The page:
Frankly, a day of instruction and hands-on demonstrations at the Mecaglisse facility in Ford’s finest high performers is (almost) enough to make me wish winter would stick around a bit longer.
“The Canadian International Auto Show media preview featured 41 “New to Canada” vehicle premieres and for the first time ever a “World Premiere”, which was video cast globally, of the 2018 Hyundai Accent.”
Just weeks into 2017, Ford has introduced its all-new 2018 Expedition, loaded with tech.
“When Expedition was introduced 20 years ago, it set the standard for active families who simply needed a big and strong SUV to take them places,” said Joe Hinrichs, Ford president of The Americas. “Today’s families want even more smart technology to help them cover more ground safely, more efficiently and more comfortably – all while staying connected to friends and family.”
The all-new Expedition offers more driver-assist technology than any other full-size SUV with more than 40 features.
These include class-exclusive enhanced active park assist to easily pull in and out of parking spots, as well as available 360-degree camera technology to help customers see more around their vehicle for easier parking.
In addition, Expedition offers available new connectivity technologies and convenience features, including:
*Wireless charging; Expedition is Ford’s first vehicle to feature this system, which allows customers to place compatible mobile devices on an integrated charging pad conveniently located in the front center console
*Wi-Fi hotspot supports as many as 10 devices at once, up to 50 feet away from the vehicle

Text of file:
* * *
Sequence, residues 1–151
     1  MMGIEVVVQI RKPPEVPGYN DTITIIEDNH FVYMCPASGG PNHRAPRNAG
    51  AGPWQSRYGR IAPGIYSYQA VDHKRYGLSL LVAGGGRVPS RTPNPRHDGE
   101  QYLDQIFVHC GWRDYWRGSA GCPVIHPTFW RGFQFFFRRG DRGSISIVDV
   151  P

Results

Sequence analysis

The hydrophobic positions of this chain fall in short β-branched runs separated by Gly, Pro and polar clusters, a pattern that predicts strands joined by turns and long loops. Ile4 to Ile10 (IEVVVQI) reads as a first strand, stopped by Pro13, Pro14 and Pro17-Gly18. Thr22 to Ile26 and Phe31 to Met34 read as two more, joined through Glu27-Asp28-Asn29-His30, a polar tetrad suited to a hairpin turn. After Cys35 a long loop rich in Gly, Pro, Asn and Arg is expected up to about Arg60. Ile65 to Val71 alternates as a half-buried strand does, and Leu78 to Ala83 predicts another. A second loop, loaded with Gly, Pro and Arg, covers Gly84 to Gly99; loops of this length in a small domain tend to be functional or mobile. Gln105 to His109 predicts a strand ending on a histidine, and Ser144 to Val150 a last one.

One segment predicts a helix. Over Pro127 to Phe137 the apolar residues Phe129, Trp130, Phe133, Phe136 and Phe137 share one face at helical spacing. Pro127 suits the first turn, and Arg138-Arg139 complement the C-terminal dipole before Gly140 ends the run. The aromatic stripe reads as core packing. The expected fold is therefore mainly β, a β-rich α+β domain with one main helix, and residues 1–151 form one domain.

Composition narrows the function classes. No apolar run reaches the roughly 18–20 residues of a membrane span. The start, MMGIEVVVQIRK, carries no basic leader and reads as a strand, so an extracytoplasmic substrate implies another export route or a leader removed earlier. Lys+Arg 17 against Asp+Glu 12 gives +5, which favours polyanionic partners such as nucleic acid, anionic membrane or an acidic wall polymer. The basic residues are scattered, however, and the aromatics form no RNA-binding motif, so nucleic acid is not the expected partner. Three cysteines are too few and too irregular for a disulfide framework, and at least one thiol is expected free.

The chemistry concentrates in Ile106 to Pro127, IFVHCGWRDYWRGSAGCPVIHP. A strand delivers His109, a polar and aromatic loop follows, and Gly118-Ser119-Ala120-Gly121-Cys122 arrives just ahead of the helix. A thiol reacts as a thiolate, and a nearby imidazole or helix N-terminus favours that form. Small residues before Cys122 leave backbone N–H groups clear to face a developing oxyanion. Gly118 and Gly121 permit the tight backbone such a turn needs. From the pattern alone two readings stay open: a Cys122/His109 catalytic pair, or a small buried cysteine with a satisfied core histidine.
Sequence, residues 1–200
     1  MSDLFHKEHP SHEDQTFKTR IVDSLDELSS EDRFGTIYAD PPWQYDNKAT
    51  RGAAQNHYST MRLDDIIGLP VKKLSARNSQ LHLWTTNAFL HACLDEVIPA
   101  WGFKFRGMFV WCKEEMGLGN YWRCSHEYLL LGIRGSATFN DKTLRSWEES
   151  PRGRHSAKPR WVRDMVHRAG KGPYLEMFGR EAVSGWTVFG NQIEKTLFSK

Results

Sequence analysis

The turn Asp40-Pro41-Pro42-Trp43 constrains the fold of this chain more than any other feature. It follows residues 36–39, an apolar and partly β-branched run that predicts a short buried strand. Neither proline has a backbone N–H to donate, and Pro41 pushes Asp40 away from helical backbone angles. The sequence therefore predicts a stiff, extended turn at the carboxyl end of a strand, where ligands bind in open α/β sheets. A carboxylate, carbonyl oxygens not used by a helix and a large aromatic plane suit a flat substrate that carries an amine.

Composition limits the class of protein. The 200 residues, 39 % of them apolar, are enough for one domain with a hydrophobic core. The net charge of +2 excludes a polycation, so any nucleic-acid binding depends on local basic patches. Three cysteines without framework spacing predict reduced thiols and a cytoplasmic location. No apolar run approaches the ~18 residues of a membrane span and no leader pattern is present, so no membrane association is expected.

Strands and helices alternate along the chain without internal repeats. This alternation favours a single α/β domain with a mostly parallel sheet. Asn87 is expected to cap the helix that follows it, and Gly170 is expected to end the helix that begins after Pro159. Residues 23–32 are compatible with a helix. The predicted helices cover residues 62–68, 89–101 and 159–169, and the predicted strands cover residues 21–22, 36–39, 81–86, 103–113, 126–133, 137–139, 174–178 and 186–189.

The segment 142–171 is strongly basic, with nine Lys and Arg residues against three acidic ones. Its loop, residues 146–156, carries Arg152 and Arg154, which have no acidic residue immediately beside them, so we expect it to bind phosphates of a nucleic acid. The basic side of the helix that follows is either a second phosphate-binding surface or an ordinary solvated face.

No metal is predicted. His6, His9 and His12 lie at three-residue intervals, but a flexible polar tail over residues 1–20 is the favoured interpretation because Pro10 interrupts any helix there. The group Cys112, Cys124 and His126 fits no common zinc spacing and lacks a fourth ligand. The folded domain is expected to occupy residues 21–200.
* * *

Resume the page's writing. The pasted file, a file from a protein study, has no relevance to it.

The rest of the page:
*Dual-headrest rear seat entertainment system provides a next-generation video experience that allows passengers to view their home cable programming on either of two video screens or hand-held devices
*SYNC® 3, with both Apple CarPlay™ and Android Auto™ capability, allows drivers to stay connected on the move
*SYNC Connect lets owners connect with the vehicle remotely using FordPass® to start, lock, unlock and locate their vehicle from anywhere, while also allowing access to important vehicle diagnostic information
*Power for passengers in every row, with four 12-volt power points, six USB chargers and a 110-volt power outlet that lets passengers stay charged and connected
*12-speaker B&O PLAY premium audio system perfected by acoustic engineers for a sound experience even audiophiles will appreciate
*Advanced cargo manager with an adjustable shelf behind the third row lets owners create a storage space customized to whatever they’re hauling; even when parked on a hill, cargo won’t roll out the back of Expedition when the liftgate is opened
Powered by a 3.5-liter EcoBoost® engine with standard Auto Start-Stop plus a class-exclusive new 10-speed automatic transmission, the all-new Expedition is the most powerful Expedition ever. A newly available electronic limited-slip differential on models with Intelligent 4WD enables improved off-road capability by sending power where it’s needed.
The Expedition seats up to eight people and their gear. It is the first full-size utility to feature a sliding second-row seat with tip-and-slide functionality, providing easy access to the third row without the need to first remove a child safety seat.
Expedition’s second- and third-row seats can be quickly folded flat with the push of a button to open up a cargo area wide enough to handle 4×8-foot sheets of plywood and other gear, depending on cargo weight and load distribution, even with the liftgate closed.
The all-new Expedition arrives this fall.
New cash incentives for purchase now make it possible to buy all-electric vehicles for a discount of up to $11,000.
This means the popular Nissan Leaf and Ford Focus Electric can be bought for a sticker price well under $30,000 for those prepared to scrap their old bangers.
The game changer came when the BC SCRAP-IT Program announced it will offer an incentive of $6,000 for anybody who turns in their beater for scrap and purchases a qualifying new electric vehicle. That’s double the current incentive of $3,000, which now will be made available to buyers of used EVs.
This combines with the BC Government’s CEVfoBC program, which discounts EV purchases by $5,000.